Preferred Citation: Oliker, Stacey J. Best Friends and Marriage: Exchange Among Women. Berkeley:  University of California Press,  c1989 1989.

Chapter Three Close Friendship as an Institution

Frequency of Contact

Do the standards of commitment in women's best friendships require more frequent association than friendships based on shared sociability or exchanges of services? My data suggest they do. The close friendships I learned about were extremely active. A majority of the women I spoke to saw their closest friend at least a few times


a week. Even those with best friends who lived out of town frequently visited with them at least once each week. Of the thirteen women whose best friends lived in the same town, six saw their friend nearly every day (two of them at work), and five saw their friend two to four times a week. Women who had part-time jobs or who did not work outside the home dominated the former group of most frequent visitors; those with full-time jobs dominated the latter.

Friends also frequently phoned each other. All but one of the women whose closest friends were local spoke to each other at least a few times a week. Five of the thirteen spoke to their closest friend nearly every day. Even the women whose closest friends lived out of town spoke frequently by phone. All but two spoke at least once each week. And these two, whose closest friends lived at a considerable distance, phoned their friends every few months. Because the central medium of exchange between best friends is talk, for women in particular the phone company's advertisements may be correct—telephoning may be nearly as good as being there. Given the effectiveness of telephone communication for the constitutive exchanges of women's close friendships, close women friends should be considered to sustain an enormous rate of binding association.

The women I interviewed, especially those who were not employed full-time, frequently visited with and telephoned others in their close network as well. Immediate kin—parents, grown children, sisters and brothers (and their spouses)—were predominant among the kin women felt closest to and frequently contacted.[38] Friends in this category had been friends for at least a few years.

Frequent face-to-face contact with close network members was pervasive among the women I interviewed, even though they did not see all their friends often. Nineteen of the twenty-one women saw at least one close friend or relative once a week. A majority saw at least three close friends or kin each week. The two who did not often see close friends or kin were both in the first year of living-together relationships: one was new to the region she lived in and was very attached to faraway friends and kin; the other had retreated from an active friendship network of many close friends when she entered a love relationship. All but one of the women also phoned members of their close networks; a majority had four or more close associates they called at least once each week. The


sizes and compositions of their friendship networks varied. By far most, however, had someone close—at least a few woman friends or relatives—whom they often visited and telephoned and at least a few others whom they visited less frequently but telephoned often.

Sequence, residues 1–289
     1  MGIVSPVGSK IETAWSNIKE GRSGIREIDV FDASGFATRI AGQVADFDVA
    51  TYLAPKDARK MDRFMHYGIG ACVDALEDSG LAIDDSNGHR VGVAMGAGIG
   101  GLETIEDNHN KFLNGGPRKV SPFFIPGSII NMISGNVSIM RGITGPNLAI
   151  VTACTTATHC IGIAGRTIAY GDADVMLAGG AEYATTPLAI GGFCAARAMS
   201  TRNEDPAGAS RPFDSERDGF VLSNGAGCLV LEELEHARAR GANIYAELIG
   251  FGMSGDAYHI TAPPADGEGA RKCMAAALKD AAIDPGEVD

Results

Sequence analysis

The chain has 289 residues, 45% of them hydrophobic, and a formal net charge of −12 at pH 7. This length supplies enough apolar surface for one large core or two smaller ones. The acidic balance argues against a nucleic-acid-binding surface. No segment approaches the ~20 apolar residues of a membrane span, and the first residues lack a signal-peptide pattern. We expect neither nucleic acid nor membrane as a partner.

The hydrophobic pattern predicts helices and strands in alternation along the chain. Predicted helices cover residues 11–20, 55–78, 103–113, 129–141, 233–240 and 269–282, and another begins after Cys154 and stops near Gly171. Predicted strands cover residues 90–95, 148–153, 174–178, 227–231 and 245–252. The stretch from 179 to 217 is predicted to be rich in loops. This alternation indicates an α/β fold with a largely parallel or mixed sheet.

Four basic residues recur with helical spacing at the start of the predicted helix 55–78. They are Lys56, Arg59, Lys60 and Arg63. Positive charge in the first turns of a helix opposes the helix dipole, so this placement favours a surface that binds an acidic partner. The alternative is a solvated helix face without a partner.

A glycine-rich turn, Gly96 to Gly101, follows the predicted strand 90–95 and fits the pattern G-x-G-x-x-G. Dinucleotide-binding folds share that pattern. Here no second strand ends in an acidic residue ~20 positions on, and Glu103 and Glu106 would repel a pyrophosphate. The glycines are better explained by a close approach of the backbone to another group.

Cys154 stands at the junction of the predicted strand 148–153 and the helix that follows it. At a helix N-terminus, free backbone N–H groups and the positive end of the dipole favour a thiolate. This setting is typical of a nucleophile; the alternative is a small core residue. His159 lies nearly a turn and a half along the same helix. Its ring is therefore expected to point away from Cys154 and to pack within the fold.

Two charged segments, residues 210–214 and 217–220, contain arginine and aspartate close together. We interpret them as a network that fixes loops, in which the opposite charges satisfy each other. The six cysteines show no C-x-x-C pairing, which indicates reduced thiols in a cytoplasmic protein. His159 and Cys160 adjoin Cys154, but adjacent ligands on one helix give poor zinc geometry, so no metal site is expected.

Women regularly drove an hour or two to visit kin and close friends, often couples who had moved away. Traveling to visit close friends is a family activity that takes place during "family time," such as weekends or vacations. Social norms favoring contact with immediate kin seem to make it easier to use family time to visit a woman's relatives than her exclusive friends. Thus more "elective" close friends selected for routine visiting tend to be those both husband and wife feel close to. Women visited less regularly with distant women friends who were not such couple friends, even those who lived at comparable distances. Women often offered husbands' hesitations as explanations for why intense high school or college friendships had faded once either friend married and moved away.

Network scholars remind us that quantities of friends and rates of contact do not necessarily indicate social support. Conflict and stress also circulate through social networks within the same relationships that exchange support.[39] Similarly, frequency of association can be meaningful only when we also consider the content of the exchange. I have suggested that much of the fundamental exchange between women best friends takes place by telephone; so in figuring rate of association we must weight phone contact as nearly equal to personal contact. I would not, however, advise this equation in friendships that have other standards of commitment. If men's friendships use solidifying exchanges like joint activity and help in tasks, telephone contact would not substitute for them. Indeed, men do not appear to use the telephone as a medium of friendship. Lillian Rubin, for example, vividly describes her male respondents' aversion to telephone conversation and their bafflement at wives' opposite inclinations.[40]

Chapter Three Close Friendship as an Institution

Preferred Citation: Oliker, Stacey J. Best Friends and Marriage: Exchange Among Women. Berkeley:  University of California Press,  c1989 1989.